Core development is essential to any sport. It takes a strong core to provide a solid support system for explosive, powerful movements. After five years of testing MMA fighters at the professional level, it’s clear that the fighter who can punch and kick with the most power are rarely the guys who can bench press or squat the most. The knockout artists are the ones who perform best with exercises such as the ab wheel rollout and pallof press.
A punch in the gut:-
Let’s switch gears for a minute. Imagine you are standing in the line at the movies and your cantankerous brother pulls his arm back and throws a punch toward your gut. What happens as you see the punch coming towards your midsection? The nervous system includes a reflex response to pulling your ribcage down and in. This allows your abdominal to quickly include a high level of tension.
Yep, your nervous system is forcing you to lose lordosis in order to develop maximum tension in your abdominals to protect your organs from the vicious blow. This is a necessary protective mechanism, and you should never argue with your nervous system. Now imagine how many times a fighter must deal with a punch or kick that’s rushing towards his midsection. So when it comes to developing a fighter’s core strength, some level of spinal flexion is necessary. You can not develop maximum tension in your core without a little flexion.
Even though the regular plank and side plank are excellent exercises for beginners, a fighter or any power athlete needs more challenging core exercises to develop a bulletproof core. Therefore, even though the good doc has shown us that spinal flexion can be detrimental, fighters must flex their spinal to some degree at times when training the core. But how much spinal flexion is acceptable?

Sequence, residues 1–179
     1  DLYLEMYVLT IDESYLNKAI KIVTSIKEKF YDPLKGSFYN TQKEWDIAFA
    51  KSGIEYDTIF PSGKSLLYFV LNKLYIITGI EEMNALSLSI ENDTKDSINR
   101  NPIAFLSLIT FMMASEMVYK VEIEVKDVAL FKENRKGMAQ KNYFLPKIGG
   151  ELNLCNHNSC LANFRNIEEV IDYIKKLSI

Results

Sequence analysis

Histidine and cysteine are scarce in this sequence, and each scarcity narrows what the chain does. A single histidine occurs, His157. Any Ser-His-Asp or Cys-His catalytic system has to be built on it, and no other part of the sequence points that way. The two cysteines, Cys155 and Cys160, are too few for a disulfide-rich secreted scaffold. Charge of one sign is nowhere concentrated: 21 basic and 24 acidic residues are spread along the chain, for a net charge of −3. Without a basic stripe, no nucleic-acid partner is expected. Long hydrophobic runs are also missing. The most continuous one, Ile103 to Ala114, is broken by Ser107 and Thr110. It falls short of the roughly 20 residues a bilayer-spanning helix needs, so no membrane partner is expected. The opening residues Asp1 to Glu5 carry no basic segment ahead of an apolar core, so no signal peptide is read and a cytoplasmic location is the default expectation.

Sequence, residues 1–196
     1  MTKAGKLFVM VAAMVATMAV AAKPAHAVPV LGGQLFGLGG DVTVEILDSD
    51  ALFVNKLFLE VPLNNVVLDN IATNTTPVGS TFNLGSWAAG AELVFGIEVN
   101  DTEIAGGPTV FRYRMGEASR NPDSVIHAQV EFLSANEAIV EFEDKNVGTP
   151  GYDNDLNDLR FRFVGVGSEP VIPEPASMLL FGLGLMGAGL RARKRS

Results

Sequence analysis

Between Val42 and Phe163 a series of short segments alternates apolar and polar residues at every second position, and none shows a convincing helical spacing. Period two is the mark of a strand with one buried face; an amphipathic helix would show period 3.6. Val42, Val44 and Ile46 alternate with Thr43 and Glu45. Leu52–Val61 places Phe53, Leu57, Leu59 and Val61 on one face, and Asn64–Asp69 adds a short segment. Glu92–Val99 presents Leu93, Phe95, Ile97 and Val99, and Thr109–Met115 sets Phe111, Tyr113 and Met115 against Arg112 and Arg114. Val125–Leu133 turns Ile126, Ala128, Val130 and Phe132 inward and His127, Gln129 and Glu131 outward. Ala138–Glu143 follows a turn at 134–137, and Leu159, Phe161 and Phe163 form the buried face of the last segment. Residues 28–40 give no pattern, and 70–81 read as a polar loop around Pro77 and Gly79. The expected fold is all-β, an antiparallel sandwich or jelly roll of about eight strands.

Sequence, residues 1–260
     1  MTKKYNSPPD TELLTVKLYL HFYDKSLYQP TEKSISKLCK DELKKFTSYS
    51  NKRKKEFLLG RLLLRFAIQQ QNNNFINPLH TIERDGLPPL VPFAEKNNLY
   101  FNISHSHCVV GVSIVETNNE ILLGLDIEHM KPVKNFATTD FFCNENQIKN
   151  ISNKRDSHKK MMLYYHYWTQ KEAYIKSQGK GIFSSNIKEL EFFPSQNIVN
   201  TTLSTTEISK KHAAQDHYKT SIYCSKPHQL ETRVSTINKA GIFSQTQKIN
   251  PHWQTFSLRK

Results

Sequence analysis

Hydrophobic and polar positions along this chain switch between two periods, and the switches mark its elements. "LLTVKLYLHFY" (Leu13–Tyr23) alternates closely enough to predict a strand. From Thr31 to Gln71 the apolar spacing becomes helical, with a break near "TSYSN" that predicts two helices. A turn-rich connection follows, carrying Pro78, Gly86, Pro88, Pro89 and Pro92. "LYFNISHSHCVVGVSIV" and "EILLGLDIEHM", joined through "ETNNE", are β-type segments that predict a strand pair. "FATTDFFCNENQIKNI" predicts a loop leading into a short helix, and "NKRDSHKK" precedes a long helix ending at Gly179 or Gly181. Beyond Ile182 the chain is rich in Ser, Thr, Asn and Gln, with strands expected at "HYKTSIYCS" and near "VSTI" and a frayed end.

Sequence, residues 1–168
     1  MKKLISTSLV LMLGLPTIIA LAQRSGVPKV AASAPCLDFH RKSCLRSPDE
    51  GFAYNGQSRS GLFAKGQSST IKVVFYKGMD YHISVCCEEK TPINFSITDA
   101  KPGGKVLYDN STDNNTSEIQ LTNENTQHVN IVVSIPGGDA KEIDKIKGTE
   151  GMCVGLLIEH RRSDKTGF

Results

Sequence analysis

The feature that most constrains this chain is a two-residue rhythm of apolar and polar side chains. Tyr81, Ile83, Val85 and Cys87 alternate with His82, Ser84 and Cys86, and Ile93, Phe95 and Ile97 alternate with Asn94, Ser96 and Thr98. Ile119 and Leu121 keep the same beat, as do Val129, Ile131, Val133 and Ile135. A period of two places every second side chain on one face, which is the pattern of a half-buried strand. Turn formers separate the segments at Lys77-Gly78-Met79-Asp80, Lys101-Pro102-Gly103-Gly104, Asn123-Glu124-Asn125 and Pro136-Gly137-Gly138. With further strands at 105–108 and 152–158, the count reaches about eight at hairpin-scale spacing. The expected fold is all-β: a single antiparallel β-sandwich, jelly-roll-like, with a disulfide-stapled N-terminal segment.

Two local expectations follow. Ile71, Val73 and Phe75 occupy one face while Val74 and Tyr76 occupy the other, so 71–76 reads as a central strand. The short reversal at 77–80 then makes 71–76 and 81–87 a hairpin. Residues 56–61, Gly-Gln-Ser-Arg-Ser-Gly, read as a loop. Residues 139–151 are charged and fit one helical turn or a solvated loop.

The Problem With a Weak Core:-
When the deep core muscles that support the spine are weak, your nervous system puts the brakes on your explosive potential as a protective mechanism. Not only that but insufficient core stability strength will set you up for injury and limit your mobility. I once thought that deadlifts, squats, pull-ups, and standing military presses were sufficient to strengthen the core to the level it needed to be for any sport. But my position on core training has changed.
The Right Kind Of Curve In The Spine:-
The first issue that needs to be addressed is spinal flexion. Research by Dr. McGill shows that repeated spinal flexion is detrimental to the intervertebral discs. the strategy of rolling out of bed and then bending over to touch the toes with a rounded spine to stretch your back is enough to make McGill have a coronary.
For McGill, the ability to maintain lumbar lordosis while lifting and moving reigns king. When your trainer tells you to keep an arch in your low back while pulling a deadlift, he’s telling you to maintain lordosis. McGill has tested many NFL players who have blown-out discs, and as long as they maintain lordosis on the field, they can continue to play. That’s how important lordosis is.
Try this simple exercises. First, sit up tall in your chair with your chest as high as possible. Feel the bottom of your ribcage push forward as you lift your chest. Now, place your fingertips on your lower ribs. From here, pull your ribcage down and in until it stops. Make a note of how little your spine flexed when you did that. This is the limit of spinal flexion you should ever train. Any further flexion is detrimental to your spine and discs. So the good news is that it only takes minimal spinal flexion to develop maximum abdominal tension.
Dying Bug With Wall Push:-
The “Dying Bug With Wall Push” is an excellent way to develop maximum abdominal tension without imposing an unnecessary risk to the discs. Maybe you have seen a regular dead-bug exercise, but the addition of the wall push activates the lets, which are essential for core strength.
Leg Curl With Single-Leg Balance:- This exercise builds stability strength in the core and hips while activating the hamstrings. The core just not a collection of muscle around your belly. It is much more than that. Think traps to the hips-an area which contains numerous muscle that impacts your posture, not just your six pack.